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Nigel Costley, South West TUC regional secretary

Quarter of Swindon’s key workers “actively considering” quitting – report

A quarter (24 percent) of key workers in the public sector in Swindon are “actively considering” quitting and changing profession, according to the South West TUC following polling published today (Thursday).

The polling, conducted by YouGov, reveals serious disillusionment among key workers in the public sector – with feeling undervalued, low pay and an excessive workload the most common reasons cited by workers for wanting to quit.

The government’s three percent pay rise to NHS staff has been rejected as insufficient by large majorities of public sector workers in union ballots. Similar votes have occurred in local government. Many other public sector staff are angry at the on-going pay freeze which, in real terms, amounts to a pay cut.

Some 18,400 people work for the public sector in Swindon. Over two thirds (36 percent) of public sector key workers in the region say that government policy on public sector pay has made them less likely to stay in the profession, according to the new polling.

The TUC has warned that if ministers fail to give departments the funding needed to raise pay they will not be ending the public sector pay freeze, amid reporting suggesting the chancellor is set to announce an end to the freeze.

It has warned that a “toxic mix” of low pay, excessive workloads and a broader lack of recognition is pushing key workers in the public sector to the brink – with many at breaking point and on the verge of leaving their profession for good.

Even before the pandemic, there were 100,000 vacancies in the NHS and more than 112,000 in social care.

The union body says that these unfilled vacancies, on top of a decade of underfunding, has left public services “cut down to the bone” – placing huge amounts of pressure on public sector workers.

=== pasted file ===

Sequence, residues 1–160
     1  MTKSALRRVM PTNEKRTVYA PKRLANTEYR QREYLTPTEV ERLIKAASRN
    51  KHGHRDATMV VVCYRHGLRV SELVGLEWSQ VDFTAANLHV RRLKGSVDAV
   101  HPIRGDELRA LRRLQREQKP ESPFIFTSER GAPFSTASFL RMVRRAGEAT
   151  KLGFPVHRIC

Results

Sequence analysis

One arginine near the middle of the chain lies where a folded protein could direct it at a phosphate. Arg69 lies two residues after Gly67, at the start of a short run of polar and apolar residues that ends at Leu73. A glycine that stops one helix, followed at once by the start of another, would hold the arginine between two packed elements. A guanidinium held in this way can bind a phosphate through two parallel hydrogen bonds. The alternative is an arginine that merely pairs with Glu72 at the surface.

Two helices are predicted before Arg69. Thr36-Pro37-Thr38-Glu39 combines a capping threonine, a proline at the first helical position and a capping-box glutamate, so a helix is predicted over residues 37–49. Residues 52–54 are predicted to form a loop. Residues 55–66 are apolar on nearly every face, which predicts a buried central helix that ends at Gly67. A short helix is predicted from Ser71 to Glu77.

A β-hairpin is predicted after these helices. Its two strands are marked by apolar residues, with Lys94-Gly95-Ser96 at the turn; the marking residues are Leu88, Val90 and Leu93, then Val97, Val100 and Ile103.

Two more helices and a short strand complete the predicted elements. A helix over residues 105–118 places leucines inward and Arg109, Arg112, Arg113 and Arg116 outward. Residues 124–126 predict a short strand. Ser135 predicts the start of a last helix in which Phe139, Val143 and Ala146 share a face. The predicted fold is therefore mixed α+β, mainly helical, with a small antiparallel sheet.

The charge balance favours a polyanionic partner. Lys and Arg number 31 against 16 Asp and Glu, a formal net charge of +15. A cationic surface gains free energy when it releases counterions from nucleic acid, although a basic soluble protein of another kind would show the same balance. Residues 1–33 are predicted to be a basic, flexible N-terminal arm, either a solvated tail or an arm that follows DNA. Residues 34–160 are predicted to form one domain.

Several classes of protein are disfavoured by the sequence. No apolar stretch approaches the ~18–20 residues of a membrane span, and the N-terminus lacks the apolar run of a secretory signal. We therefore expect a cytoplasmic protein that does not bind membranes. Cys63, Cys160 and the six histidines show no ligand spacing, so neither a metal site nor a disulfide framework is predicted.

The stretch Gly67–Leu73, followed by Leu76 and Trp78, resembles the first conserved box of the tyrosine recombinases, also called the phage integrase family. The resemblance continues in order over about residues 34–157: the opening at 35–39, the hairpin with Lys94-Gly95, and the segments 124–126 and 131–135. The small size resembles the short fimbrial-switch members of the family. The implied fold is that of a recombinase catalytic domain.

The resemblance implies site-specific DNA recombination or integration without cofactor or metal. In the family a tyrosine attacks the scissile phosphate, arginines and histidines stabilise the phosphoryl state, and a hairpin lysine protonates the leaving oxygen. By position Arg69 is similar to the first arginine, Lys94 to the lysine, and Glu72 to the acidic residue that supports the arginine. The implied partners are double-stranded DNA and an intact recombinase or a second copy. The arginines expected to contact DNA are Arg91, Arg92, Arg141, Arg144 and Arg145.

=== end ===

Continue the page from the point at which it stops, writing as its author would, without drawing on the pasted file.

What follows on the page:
And the TUC argues that the squeeze on public sector workers hits the whole economy, with higher wages feeding directly into the local economy.

The TUC says public sector pay has fallen in real terms across the board since 2010:

  • Nurse pay is down £2,469
  • Care worker pay is down £1,490
  • Refuse collector pay is down £1,519
  • Firefighter pay is down £2,579
  • Teacher pay is down £2,003

The organisation is calling on the government to urgently prioritise key worker pay and public services funding in the forthcoming spending review. The union body says ministers must:

  • End the freeze on public service workers’ pay and give all public service workers a decent pay rise by giving Whitehall departments the necessary funding to do so.
  • Fund the public sector so that all outsourced workers are paid at least the real Living Wage and get parity with directly employed staff.
  • Raise the national minimum wage to £10 per hour immediately.
  • Increase investment in our public services so schools, hospitals, councils and the wider civil service can deliver the services communities need.

“Everyone deserves fair pay and dignity at work,” said South West TUC regional secretary Nigel Costley. “But too many key workers in the public sector are at breaking point because of a toxic mix of low pay, excessive workloads and a serious lack of recognition.

“These are the nurses, care workers, and teachers that helped keep the country going through the pandemic.

“After years of our key workers being underpaid and our public services underfunded, this pandemic has to be a turning point.

“Enough is enough. Ministers must use the autumn spending review to end the public sector pay freeze and give all public sector workers a pay rise. And they must properly fund our public services too.”